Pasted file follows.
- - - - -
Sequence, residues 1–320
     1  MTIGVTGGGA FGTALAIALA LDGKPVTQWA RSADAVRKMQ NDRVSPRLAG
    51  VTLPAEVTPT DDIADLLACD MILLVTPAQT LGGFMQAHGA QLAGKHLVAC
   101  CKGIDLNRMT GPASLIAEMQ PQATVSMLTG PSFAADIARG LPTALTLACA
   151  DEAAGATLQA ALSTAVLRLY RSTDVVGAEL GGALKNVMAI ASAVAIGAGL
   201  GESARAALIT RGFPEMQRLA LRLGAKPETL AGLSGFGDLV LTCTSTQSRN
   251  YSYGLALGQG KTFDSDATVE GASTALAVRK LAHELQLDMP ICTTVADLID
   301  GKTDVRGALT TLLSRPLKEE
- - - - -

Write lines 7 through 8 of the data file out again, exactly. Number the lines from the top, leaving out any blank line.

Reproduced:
   251  YSYGLALGQG KTFDSDATVE GASTALAVRK LAHELQLDMP ICTTVADLID
   301  GKTDVRGALT TLLSRPLKEE